January 2017: Trends in Molecular Medicine
https://www.readbyqxmd.com/read/27986421/bacterial-biofilms-in-colorectal-cancer-initiation-and-progression
#8
REVIEW
Shan Li, Sergey R Konstantinov, Ron Smits, Maikel P Peppelenbosch
Intestinal microbiota have emerged as an important factor in colorectal cancer (CRC) initiation and progression. The currently prominent view on bacterial tumorigenesis is that CRC initiation is triggered by local mucosal colonization with specific pathogens (drivers), and that subsequent changes in the peritumoral environment allow colonization by opportunistic (passenger) microbes, further facilitating disease progression. Screening for CRC 'driver-passenger' microorganisms might thus allow early CRC diagnosis or preventive intervention...
January 2017: Trends in Molecular Medicine
https://www.readbyqxmd.com/read/27986420/fumarates-and-cancer
#9
Gwenny M Fuhler, Hester Eppinga, Maikel P Peppelenbosch
Accumulation of intermediate metabolites of the tricarboxylic acid (TCA) cycle in tumor cells can cause epithelial-to-mesenchymal transition (EMT), although the exact mechanisms remain elusive. Recent studies show that the oncometabolite fumarate, which accumulates in fumarate hydratase-deficient renal cancers, confers tumor aggressiveness by causing epigenetic changes in the antimetastatic miRNA cluster mir-200ba429. This may have important implications for the use of fumarates in the clinic.
January 2017: Trends in Molecular Medicine
https://www.readbyqxmd.com/read/27914866/co-signaling-molecules-in-maternal-fetal-immunity
#10
REVIEW
Yuan-Yuan Xu, Song-Cun Wang, Da-Jin Li, Mei-Rong Du
Physiologically, a successful pregnancy requires the maternal immune system to recognize and tolerate the semiallogeneic fetus, and allow for normal invasion of trophoblasts. Thus, pregnancy complications are considered to be associated with dysfunctional maternal-fetal crosstalk. Co-signaling molecules are a group of cell surface molecules that positively or negatively modulate the immune response. Well studied in the fields of oncology and transplantation, they are also suggested to be involved in maternal-fetal crosstalk...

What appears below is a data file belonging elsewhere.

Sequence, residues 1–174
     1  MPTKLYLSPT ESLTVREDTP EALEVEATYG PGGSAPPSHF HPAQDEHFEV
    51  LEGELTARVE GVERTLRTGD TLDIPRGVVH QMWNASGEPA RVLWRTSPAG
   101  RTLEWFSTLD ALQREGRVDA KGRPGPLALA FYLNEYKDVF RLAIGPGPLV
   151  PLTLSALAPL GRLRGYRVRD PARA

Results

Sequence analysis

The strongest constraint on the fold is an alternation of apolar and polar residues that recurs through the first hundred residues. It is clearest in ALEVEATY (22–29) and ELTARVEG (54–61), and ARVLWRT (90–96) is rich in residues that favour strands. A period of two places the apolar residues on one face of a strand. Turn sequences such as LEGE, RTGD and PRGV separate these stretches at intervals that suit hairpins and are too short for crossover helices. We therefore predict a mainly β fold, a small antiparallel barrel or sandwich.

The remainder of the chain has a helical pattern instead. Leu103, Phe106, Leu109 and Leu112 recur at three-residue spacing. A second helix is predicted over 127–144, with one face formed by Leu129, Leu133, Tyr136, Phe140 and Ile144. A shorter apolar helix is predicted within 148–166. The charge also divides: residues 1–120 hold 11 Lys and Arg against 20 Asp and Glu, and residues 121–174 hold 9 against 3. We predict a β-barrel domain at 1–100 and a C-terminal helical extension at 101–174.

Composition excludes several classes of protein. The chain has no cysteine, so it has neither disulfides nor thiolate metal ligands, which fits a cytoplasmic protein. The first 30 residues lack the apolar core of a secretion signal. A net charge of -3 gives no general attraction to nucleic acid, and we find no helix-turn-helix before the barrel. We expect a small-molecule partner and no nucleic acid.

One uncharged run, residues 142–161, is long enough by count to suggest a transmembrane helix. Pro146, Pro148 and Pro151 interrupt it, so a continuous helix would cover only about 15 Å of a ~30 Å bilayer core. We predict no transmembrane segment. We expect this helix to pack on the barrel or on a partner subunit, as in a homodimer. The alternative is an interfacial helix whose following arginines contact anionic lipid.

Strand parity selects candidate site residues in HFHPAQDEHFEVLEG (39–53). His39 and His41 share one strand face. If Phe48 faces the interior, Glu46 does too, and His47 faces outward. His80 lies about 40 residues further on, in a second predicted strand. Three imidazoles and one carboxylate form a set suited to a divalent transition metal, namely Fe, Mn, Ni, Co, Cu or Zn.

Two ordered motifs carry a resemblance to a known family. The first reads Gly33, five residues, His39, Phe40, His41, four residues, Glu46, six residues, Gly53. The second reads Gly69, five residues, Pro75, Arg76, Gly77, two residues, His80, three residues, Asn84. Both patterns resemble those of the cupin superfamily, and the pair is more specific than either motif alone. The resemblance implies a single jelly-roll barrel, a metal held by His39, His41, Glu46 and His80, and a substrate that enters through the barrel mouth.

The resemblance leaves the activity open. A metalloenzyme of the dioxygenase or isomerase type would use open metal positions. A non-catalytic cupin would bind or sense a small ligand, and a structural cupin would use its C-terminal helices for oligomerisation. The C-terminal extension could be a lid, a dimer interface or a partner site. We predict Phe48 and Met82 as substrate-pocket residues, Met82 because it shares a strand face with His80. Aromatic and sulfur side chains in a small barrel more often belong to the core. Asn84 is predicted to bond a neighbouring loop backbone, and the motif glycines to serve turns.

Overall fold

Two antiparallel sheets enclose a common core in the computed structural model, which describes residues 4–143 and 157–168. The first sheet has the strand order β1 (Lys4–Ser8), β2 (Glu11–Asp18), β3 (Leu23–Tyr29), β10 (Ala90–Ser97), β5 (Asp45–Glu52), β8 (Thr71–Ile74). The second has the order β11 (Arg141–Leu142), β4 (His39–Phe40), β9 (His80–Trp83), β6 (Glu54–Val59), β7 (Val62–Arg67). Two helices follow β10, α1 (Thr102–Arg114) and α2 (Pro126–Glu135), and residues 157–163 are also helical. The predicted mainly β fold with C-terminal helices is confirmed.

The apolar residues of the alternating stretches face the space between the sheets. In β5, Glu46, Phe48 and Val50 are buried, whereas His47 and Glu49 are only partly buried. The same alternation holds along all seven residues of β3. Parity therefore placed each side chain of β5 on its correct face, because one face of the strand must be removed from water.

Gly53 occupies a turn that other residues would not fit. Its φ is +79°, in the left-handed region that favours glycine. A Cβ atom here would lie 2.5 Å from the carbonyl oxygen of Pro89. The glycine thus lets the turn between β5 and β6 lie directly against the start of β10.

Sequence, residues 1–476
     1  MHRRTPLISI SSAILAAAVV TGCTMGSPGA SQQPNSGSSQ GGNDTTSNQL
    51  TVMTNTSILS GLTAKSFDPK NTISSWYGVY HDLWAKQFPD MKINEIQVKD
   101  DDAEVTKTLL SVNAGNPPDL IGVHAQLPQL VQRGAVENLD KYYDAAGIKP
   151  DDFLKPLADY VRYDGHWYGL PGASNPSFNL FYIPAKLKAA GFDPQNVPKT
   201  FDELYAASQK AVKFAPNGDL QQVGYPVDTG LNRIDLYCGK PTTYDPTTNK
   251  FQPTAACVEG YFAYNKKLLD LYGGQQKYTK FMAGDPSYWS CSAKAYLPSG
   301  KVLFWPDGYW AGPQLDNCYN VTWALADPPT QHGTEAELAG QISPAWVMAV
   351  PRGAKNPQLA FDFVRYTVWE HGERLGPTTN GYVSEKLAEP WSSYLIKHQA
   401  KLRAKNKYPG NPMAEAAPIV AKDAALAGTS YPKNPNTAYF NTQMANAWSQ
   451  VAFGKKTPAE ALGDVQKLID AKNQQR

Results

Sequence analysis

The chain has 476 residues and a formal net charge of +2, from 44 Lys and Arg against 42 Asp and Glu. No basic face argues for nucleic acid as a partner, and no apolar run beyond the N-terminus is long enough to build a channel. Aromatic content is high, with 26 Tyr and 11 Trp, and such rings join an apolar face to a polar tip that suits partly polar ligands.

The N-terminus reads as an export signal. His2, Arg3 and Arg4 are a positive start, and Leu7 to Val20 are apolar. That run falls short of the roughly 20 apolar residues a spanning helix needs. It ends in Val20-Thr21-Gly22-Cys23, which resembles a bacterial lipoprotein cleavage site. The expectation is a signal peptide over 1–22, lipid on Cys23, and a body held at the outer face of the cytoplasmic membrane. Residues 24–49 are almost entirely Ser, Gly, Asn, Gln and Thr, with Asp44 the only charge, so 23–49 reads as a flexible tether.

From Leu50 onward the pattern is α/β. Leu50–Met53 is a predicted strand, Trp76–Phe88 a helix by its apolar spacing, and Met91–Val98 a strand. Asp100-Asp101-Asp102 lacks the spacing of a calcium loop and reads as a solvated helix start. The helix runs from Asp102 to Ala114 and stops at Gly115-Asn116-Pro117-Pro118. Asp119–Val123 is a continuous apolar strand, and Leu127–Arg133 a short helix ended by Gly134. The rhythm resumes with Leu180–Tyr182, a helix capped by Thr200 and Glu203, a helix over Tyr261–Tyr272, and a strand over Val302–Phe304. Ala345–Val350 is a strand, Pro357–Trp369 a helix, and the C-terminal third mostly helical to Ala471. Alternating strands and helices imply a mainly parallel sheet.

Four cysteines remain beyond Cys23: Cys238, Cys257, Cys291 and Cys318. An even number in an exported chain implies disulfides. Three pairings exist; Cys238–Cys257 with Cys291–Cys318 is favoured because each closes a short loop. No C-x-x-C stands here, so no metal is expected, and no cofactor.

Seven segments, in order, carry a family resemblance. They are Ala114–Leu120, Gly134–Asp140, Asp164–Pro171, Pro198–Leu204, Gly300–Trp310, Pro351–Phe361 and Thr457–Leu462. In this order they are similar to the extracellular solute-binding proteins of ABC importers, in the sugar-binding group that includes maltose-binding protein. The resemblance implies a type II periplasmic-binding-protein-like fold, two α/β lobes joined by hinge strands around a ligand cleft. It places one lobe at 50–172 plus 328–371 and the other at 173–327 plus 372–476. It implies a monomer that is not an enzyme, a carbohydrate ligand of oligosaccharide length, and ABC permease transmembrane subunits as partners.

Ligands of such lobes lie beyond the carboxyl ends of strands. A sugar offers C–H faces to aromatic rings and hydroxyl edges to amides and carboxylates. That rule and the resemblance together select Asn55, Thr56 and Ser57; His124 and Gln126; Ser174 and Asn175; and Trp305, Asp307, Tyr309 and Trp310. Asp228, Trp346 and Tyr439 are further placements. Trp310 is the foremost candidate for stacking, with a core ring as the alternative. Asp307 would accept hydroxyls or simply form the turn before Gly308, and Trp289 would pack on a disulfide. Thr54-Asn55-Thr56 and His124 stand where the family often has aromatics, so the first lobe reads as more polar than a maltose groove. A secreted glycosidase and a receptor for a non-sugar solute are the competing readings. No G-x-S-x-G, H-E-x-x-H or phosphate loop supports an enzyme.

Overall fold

January 2017: Trends in Molecular Medicine
https://www.readbyqxmd.com/read/27889424/hiv-vaccines-one-step-closer
#11
Michael Sze Yuan Low, David Tarlinton
Currently there is no effective vaccine against human immunodeficiency virus (HIV). Four recently published studies in Cell and Immunity now show that using planned sequential boosting with antigens to guide the humoral response towards broadly neutralizing antibodies could provide a solution to achieving vaccination against HIV-1.
January 2017: Trends in Molecular Medicine
https://www.readbyqxmd.com/read/27887808/norovirus-regulation-by-host-and-microbe
#12
REVIEW
Megan T Baldridge, Holly Turula, Christiane E Wobus
Norovirus (NoV) infection is the leading cause of epidemic gastroenteritis globally, and can lead to detrimental chronic infection in immunocompromised hosts. Despite its prevalence as a cause of diarrheal illness, the study of human NoVs (HNoVs) has historically been limited by a paucity of models. The use of murine NoV (MNoV) to interrogate mechanisms of host control of viral infection has facilitated the exploration of different genetic mouse models, revealing roles for both innate and adaptive immunity in viral regulation...
December 2016: Trends in Molecular Medicine
https://www.readbyqxmd.com/read/27866924/bacterial-pathogens-versus-autophagy-implications-for-therapeutic-interventions
#13
REVIEW
Jacqueline M Kimmey, Christina L Stallings
Research in recent years has focused significantly on the role of selective macroautophagy in targeting intracellular pathogens for lysosomal degradation, a process termed xenophagy. In this review we evaluate the proposed roles for xenophagy in controlling bacterial infection, highlighting the concept that successful pathogens have evolved ways to subvert or exploit this defense, minimizing the actual effectiveness of xenophagy in innate immunity. Instead, studies in animal models have revealed that autophagy-associated proteins often function outside of xenophagy to influence bacterial pathogenesis...
December 2016: Trends in Molecular Medicine
https://www.readbyqxmd.com/read/27840066/small-rna-modifications-integral-to-function-and-disease
#14
REVIEW
Xudong Zhang, Aaron E Cozen, Ying Liu, Qi Chen, Todd M Lowe
Small RNAs have the potential to store a secondary layer of labile biological information in the form of modified nucleotides. Emerging evidence has shown that small RNAs including microRNAs (miRNAs), PIWI-interacting RNAs (piRNAs) and tRNA-derived small RNAs (tsRNAs) harbor a diversity of RNA modifications. These findings highlight the importance of RNA modifications in the modulation of basic properties such as RNA stability and other complex physiological processes involved in stress responses, metabolism, immunity, and epigenetic inheritance of environmentally acquired traits, among others...